Thursday, November 15, 2018

The Online Edition

I'm not sure I ever liked the reading comprehension portion of all those tests you needed to take before they let you out of high school, as you tried to qualify for college. I can be dense with names. I often skip over them in news articles and the parts of obituaries that start to tell who the relations are and what their names are.

But I do try and follow the threads. If I come across a name in a story that I don't think has been identified in something I've already read, I dive back into the story and try and find who that person is. Invariably, I find it's a name that has already been identified early on, so there really is no mystery as to who it is I'm now reading about. I just forgot I already read their name. This is annoying, because I'm of an age where short term memory is declining a bit—just a bit—and I'm getting what I think is further proof of the speed it is progressing.

NYT obituaries are considered the Gold Standard of obituary writing. It is a deserved title. I've read, and observed that they are keen to establish who notified the paper, or confirmed the passing of the subject. They do this for obvious reason. They have been embarrassed by having reported the death of someone who it turned out was alive. This hasn't happened often, but once was too often. Confirmation is needed.

So, the person who did this confirming is usually found in the second paragraph. So and so and who they are confirmed the passing. The protocol keeps a loose end from flapping in the wind. It's tied down.

The obituary for Stan Lee, the force behind the force of adventure comics, leads off with the acknowledgement that Stan was indeed The Man. Growing up, I will admit I never liked this genre of comics. I went for Illustrated Classics, Donald Duck and Scrooge McDuck. Archie could get my attention as well. I might have been in love with Veronica. (Okay, I was.)

Comics for me in the 50s and 60s can only bring back the memory of Siegal's Candy Store on 149th Place and 41st avenue in Flushing, across the street from the Murray Hill stop on the LIRR's Port Washington line.

The corner Queens candy store was the nexus of any neighborhood. Over the years it became Lawlor & Clooney, then Angie's General Store. Newspapers, candy and lots of lottery tickets. Siegal's was a bit of a dusty place that was only half used. The store ran deep, and seemed to be a storage place for something. You didn't go into the back half. The building had been a bank before I was born, and there were still bars on the windows on the 41st Avenue side. (No longer windows now.) The building is still there, but the neighborhood is solidly Korean now. The candy store has given way to yet another deli and grocery store.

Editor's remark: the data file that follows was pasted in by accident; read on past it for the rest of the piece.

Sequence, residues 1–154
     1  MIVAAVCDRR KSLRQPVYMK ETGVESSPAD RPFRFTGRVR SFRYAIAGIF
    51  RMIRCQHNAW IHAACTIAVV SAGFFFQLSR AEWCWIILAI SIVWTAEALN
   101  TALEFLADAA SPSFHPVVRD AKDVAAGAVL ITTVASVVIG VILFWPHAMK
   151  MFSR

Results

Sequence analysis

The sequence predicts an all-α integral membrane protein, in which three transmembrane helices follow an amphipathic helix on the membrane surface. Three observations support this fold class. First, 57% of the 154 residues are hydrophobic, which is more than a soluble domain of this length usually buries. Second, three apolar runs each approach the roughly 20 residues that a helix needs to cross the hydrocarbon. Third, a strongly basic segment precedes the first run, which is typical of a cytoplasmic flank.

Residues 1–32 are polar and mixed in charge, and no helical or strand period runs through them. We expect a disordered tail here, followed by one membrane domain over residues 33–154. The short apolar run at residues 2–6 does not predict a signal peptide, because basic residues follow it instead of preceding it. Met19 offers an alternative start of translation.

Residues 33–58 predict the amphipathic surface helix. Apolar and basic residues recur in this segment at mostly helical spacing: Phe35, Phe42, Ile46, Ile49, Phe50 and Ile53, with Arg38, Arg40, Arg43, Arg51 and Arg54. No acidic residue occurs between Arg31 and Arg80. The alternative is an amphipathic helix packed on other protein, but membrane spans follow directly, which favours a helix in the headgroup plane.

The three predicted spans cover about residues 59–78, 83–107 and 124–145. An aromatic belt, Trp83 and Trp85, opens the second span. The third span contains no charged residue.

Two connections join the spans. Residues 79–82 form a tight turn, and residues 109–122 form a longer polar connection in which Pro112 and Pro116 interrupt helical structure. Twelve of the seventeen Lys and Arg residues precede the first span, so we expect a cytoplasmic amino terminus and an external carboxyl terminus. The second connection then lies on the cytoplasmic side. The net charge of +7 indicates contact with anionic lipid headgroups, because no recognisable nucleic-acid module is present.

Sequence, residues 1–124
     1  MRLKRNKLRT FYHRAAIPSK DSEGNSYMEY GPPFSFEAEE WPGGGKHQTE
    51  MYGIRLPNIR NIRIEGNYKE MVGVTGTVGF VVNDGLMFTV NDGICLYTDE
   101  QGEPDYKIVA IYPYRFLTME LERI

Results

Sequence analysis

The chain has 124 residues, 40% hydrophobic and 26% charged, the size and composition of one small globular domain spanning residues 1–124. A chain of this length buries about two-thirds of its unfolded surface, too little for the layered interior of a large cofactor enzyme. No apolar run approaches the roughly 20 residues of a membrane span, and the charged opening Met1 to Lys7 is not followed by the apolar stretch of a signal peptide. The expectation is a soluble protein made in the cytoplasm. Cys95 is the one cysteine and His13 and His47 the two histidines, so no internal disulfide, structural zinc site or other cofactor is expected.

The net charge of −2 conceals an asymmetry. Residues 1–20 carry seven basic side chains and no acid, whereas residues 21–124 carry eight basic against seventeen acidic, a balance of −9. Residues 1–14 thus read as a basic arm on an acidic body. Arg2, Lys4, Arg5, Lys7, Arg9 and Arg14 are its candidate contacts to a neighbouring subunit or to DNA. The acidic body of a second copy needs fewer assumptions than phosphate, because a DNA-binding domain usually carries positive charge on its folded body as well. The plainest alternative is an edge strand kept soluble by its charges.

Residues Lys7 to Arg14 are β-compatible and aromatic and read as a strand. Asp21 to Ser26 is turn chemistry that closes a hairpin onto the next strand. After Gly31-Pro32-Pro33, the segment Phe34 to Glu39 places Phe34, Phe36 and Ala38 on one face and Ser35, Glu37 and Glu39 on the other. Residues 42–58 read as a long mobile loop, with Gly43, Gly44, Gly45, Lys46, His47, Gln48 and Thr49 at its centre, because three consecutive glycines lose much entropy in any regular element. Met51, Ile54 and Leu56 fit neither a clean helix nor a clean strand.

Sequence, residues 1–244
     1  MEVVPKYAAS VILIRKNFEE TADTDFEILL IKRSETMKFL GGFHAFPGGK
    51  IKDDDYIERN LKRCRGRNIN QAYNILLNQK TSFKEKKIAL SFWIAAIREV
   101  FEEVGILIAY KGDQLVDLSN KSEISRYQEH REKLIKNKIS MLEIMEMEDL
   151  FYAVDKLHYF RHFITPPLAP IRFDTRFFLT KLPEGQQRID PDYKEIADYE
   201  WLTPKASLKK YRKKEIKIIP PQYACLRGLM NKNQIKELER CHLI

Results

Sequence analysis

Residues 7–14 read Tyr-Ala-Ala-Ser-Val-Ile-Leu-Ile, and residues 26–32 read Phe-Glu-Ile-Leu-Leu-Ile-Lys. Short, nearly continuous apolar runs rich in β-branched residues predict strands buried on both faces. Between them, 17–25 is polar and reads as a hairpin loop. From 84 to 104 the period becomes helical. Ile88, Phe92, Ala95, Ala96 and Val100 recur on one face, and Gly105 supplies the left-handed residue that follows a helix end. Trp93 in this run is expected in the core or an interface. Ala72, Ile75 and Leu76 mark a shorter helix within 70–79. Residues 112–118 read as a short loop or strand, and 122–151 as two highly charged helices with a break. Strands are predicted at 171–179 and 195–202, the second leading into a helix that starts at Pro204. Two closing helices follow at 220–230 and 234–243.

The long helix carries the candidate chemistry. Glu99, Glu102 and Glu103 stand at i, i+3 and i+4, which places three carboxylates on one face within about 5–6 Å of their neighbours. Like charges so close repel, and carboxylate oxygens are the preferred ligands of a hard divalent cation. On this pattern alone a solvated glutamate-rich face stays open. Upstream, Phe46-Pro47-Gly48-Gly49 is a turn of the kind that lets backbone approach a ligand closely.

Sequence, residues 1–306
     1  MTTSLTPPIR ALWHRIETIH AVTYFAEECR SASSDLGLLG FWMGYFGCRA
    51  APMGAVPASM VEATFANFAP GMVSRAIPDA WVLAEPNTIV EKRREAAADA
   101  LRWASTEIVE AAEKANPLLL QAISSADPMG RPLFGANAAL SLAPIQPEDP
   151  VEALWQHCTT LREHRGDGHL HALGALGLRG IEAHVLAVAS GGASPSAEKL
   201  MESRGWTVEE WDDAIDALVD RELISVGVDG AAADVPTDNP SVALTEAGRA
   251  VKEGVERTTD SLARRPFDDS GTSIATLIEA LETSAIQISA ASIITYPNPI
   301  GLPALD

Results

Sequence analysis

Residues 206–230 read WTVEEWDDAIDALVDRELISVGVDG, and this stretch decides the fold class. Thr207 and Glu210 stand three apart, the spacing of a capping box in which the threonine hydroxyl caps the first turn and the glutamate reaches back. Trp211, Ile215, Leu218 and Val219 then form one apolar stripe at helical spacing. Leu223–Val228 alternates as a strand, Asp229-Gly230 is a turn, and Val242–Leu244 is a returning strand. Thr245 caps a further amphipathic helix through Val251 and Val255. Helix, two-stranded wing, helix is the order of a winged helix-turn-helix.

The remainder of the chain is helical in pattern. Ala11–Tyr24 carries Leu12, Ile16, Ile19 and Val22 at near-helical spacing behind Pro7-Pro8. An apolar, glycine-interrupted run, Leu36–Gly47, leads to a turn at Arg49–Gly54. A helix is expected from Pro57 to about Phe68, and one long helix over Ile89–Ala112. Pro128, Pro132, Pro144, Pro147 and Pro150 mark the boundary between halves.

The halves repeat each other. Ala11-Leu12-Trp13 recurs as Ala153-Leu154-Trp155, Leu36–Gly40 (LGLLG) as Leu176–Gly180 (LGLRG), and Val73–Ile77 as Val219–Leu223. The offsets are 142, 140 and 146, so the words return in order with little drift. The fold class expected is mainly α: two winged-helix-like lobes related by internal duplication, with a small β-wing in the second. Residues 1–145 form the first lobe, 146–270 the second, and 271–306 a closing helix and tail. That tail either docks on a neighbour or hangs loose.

Aside from the candy counter, Siegal's could be counted on the have a full display of comic books arranged in slots on the wall. The Illustrated Classics were on a stack that I went through to get to a new title.

Newspapers were a given, and there was an assembly process when they had to put the Sunday Times together, melding all the sections as they were delivered. The Sunday papers were a big deal then. Siegal would mark on a blotter a stroke cunt of which ones were sold. He could be counted on the save a paper for you as well.

Still, a spread like Stan's gets your attention. A color image of a Marvel Comic book cover, 'Amazing Fantasy 12¢' on the front page, below the fold, followed by a page and a half inside with more color covers, a sample comic book page from the 'Incredible Hulk', a color photo of a thoroughly contented looking nonagenarian (95) Stan taken this year at his California home, and you have proof that Marcel Comics didn't need the 12¢ from my pocket to help Stan amass some bucks. Thanks to TV and movies, his creations have been popular through the decades. 

I like it when I notice things that I'm reading make be pause to look for the prior reference—the oncoming short-term memory loss is not completely here yet. This occurred when reading the print edition of Stan Lee's obituary.

"In addition to his daughter, he is survived by Ms. Lee and his younger brother Larry."       

The prior paragraph mentioned he only had one surviving daughter. Who is this other Ms. Lee? 

I was getting all set to post a comment to Bill McDonald, the obit page editor, when I read the online version of the obit. The sentence had been corrected to read:

"In addition to his daughter, he is survived by his younger brother..."

Mr. McDonald returned with an email explaining that the unfortunate error was being corrected and that it has already been corrected online.

Newspapers correcting errors is nothing new. A later edition could always be relied on to print corrected text. But with the advent of online editions, the correction can be immediately applied. The publication might acknowledge that a prior online version had an error and that it has now been corrected. Online, the concrete never hardens.